Article 4: Resting of merry gentlemen (deemed for the purposes to include merry gentlewomen). It being established that the season of goodwill takes an exacting toll, on those days defined in Article 1 (quod vide) and any other day which shall immediately follow such a day, gentlemen inter alias shall apply due diligence to the pursuit of rest and recovery.


By _________________________

'With Best Wishes for Christmas and the New Year'

By _____Ric Justiss_____________

Friday, December 1, 2006

Taking a Stand / Whiskey

My friends,

I had not intended to discuss this controversial subject at this particular time. However, I want you to know that I do not shun controversy. On the contrary, I will take a stand on any issue at any time, regardless of how fraught with controversy it might be.

One has asked me how I feel about whiskey. All right then, here is how I feel about whiskey….

If, when you say whiskey, you mean

…the devil’s brew;

…the poison scourge;

…the bloody monster that defiles innocence, dethrones reason, destroys the home, creates misery and poverty, yea, literally takes the bread from the mouths of little children;

…if you mean the evil drink that topples the Christian man and woman from the pinnacle of righteous, gracious living into the bottomless pit of degradation, and despair, and shame, and helplessness, and hopelessness,

then certainly I am against it.

But, if when you say whiskey, you mean

…the oil of conversation;

…the philosophic wine, the ale that is consumed when good friends get together, that puts a song in their hearts and laughter on their lips, and the warm glow of contentment in their eyes;

…if you mean Christmas cheer;

…if you mean the stimulating drink that puts the spring into the old gentleman’s step on a frosty, crispy morning;

…if you mean the drink that enables a man to magnify his joy, and his happiness, and to forget, if only for a little while, life’s greatest tragedies, and heartaches, and sorrows;

…if you mean that drink the sale of which pours millions of dollars into our treasuries, which are used to provide tender care for our little crippled children, our blind, our deaf, our dumb, our pitiful aged and infirm and also builds highways and hospitals and schools,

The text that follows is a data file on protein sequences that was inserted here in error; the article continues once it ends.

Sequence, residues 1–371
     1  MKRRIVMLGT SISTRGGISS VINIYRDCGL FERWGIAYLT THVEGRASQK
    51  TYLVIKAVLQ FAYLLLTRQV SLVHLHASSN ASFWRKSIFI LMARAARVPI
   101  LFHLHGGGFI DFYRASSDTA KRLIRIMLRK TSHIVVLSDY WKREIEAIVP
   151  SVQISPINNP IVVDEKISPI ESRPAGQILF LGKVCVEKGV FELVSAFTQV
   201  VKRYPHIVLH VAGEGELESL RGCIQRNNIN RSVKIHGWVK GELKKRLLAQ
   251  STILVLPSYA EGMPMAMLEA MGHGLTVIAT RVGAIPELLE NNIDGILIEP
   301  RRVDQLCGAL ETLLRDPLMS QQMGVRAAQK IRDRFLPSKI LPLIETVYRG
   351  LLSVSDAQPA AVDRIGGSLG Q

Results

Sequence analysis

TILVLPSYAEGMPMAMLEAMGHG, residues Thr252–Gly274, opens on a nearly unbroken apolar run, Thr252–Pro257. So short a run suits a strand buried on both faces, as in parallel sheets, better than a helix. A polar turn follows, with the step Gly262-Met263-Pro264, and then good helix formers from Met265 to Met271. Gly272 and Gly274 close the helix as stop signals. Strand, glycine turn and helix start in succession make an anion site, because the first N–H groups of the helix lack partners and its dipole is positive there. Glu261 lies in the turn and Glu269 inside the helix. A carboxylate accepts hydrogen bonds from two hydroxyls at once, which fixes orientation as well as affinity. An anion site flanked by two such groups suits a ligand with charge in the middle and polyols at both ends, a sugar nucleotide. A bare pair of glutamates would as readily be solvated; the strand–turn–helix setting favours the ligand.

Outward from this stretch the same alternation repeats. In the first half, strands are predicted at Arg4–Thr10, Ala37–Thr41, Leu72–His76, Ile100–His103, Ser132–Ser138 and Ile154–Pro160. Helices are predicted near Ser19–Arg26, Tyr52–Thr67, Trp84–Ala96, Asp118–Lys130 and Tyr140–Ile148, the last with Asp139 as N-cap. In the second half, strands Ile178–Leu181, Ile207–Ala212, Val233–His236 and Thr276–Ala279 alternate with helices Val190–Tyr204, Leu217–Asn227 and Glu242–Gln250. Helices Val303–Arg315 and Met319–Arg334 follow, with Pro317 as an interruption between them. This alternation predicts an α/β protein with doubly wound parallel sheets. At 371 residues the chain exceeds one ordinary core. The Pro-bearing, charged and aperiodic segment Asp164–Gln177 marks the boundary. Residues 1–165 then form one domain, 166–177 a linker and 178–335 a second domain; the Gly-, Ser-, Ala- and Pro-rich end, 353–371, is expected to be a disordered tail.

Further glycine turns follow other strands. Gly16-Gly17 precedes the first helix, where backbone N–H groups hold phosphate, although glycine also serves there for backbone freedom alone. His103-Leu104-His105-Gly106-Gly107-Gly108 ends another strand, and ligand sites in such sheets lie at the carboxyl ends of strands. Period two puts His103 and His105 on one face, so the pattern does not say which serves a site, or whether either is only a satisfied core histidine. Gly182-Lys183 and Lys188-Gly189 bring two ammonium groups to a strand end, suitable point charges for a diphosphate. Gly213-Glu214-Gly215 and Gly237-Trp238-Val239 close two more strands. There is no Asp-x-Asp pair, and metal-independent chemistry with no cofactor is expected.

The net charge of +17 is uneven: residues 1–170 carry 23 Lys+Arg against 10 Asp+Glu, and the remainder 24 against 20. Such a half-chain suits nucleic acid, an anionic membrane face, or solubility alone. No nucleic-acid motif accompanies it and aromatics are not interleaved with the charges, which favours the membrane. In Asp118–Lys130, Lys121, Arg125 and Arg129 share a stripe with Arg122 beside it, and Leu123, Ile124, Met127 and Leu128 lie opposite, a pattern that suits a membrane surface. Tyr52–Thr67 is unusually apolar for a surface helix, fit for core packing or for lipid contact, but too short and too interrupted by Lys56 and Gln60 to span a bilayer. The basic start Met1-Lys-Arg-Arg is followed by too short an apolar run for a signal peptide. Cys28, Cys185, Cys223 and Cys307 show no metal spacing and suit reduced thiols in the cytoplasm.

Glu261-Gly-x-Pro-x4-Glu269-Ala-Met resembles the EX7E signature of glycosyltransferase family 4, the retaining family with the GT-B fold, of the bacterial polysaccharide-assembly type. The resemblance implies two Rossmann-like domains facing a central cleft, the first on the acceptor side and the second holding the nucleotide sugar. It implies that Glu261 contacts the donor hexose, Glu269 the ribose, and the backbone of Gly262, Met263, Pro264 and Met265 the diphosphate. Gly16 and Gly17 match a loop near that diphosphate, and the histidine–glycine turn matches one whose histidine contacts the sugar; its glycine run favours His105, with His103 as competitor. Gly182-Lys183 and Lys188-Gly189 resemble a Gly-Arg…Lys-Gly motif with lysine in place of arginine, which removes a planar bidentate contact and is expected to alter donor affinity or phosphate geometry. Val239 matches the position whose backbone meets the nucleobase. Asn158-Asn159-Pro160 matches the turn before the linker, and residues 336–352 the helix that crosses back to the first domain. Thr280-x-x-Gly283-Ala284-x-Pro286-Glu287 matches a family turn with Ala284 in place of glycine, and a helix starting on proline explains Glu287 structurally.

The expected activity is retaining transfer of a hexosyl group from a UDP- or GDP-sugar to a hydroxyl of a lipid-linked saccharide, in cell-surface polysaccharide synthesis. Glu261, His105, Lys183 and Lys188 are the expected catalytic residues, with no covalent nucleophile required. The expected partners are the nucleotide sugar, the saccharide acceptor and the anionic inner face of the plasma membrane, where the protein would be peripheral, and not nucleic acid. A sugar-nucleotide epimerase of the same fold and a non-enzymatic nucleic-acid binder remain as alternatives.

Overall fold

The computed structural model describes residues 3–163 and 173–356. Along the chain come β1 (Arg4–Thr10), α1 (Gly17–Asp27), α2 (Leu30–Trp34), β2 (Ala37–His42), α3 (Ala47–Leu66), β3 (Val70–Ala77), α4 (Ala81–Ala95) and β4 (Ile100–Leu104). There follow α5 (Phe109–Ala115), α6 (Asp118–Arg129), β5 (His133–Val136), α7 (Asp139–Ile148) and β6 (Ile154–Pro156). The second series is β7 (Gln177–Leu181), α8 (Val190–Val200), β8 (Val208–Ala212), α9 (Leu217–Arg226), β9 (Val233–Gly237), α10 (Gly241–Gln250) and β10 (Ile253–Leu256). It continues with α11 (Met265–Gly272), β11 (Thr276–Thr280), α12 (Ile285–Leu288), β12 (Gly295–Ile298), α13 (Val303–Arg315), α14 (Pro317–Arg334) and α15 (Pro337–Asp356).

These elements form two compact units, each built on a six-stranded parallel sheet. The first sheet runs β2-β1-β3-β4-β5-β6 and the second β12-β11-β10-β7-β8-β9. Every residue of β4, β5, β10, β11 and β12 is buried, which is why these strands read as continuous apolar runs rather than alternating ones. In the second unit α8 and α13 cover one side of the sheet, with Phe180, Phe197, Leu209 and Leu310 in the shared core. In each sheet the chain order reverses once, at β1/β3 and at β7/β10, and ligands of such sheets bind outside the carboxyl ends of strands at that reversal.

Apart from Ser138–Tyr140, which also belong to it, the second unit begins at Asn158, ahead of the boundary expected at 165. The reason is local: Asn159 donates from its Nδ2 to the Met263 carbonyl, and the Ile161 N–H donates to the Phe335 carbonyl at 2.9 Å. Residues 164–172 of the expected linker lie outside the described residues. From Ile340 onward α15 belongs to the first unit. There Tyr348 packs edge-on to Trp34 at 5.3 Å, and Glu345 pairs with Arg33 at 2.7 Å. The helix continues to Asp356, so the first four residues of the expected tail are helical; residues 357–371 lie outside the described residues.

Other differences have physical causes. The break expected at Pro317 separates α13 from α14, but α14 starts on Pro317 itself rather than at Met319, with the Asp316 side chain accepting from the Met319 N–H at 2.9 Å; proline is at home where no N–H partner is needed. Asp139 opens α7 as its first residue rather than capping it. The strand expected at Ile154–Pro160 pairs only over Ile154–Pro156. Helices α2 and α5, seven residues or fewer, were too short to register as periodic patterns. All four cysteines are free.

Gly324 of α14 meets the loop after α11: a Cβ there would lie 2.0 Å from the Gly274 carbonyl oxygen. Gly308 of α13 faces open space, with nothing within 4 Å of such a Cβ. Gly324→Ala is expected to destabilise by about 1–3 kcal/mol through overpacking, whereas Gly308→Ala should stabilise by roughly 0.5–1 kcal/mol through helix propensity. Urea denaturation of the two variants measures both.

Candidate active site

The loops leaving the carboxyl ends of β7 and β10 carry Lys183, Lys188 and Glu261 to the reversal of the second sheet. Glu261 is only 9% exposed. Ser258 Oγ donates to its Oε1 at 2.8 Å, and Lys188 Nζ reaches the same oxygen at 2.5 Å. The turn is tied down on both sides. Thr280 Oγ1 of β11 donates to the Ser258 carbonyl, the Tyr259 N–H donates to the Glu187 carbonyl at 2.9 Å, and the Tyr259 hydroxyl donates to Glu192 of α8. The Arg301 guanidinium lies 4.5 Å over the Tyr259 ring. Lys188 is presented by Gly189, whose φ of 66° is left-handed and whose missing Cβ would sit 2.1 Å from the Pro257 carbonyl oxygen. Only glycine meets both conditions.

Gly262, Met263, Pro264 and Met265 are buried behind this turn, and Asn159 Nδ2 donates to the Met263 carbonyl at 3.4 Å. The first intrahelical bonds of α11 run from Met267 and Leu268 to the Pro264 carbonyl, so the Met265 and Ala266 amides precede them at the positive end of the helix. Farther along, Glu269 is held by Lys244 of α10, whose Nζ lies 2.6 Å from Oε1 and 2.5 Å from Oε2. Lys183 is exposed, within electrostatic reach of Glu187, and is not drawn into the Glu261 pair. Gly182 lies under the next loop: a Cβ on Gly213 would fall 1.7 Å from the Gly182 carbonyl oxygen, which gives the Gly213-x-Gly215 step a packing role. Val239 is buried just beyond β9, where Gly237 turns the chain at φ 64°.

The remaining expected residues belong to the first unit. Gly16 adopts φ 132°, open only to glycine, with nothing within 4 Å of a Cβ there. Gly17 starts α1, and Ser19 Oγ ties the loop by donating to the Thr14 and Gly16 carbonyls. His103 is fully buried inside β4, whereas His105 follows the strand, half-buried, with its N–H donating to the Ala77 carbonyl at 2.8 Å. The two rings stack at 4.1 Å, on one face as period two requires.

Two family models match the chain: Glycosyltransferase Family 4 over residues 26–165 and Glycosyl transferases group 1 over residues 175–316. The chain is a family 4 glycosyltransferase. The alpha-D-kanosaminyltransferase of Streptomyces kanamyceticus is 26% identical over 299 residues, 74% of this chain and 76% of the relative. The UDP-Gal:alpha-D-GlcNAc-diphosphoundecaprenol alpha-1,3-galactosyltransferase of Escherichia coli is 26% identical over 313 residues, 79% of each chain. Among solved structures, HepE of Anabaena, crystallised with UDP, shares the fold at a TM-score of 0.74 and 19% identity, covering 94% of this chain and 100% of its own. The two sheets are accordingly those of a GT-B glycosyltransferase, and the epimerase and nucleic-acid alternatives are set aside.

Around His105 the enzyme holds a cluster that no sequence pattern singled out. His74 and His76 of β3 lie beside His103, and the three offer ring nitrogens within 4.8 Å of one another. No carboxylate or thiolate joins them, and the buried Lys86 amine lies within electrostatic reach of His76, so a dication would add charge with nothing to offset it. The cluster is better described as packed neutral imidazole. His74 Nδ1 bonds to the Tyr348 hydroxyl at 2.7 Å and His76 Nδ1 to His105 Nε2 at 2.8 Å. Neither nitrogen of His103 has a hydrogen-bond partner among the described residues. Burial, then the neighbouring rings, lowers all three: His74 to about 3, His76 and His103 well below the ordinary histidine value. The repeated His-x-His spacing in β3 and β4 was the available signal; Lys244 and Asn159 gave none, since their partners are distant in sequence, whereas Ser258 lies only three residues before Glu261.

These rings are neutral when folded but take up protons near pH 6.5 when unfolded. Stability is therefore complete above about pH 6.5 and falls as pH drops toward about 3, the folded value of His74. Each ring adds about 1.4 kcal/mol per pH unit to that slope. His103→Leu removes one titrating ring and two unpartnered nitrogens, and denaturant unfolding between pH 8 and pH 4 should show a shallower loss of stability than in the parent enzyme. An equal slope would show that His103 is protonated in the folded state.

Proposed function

then certainly I am for it.

This is my stand. I will not retreat from it. I will not compromise. Ric

Thursday, November 23, 2006


What a year. Some pain. So many decisions. So much hurt. And Happiness like never known. Whole new experiences. Amazing people walked in. Some walked out.

And most of all, a lady that stood by me in EVERYTHING. I don't know how I would manage without her...

I am thankful for the lessons, even if learned the hard way.

I'm thankful for my friends - the old ones who have stuck around, and the new ones who dare to venture into my circle.

I'm thankful for Dallas....everytime I leave town, it always feels good to get back home.

I'm thankful for the web for giving me an amazing outlet and the ability to connect with people all over the world. People like you.

If you are like me, this holiday conjures up memories or anticipation of such traditions as the huge Thanksgiving meal with cranberry sauce. I love carving the turkey. Sometimes we travel "over the river and through the woods" to celebrate with our families — this year they are coming to us. I of course look forward to the Cowboys game. When I can, I get the kids in the yard to play some ball. It's been that way all my life.

I think it is my favorite holiday. No stuff to buy. No pressure. Just good company, good food and good fun.

But at some point I find myself all alone, with time to reflect and to really be

Thank you. Jesus. My partner & My Lady. My family. My friends. My work.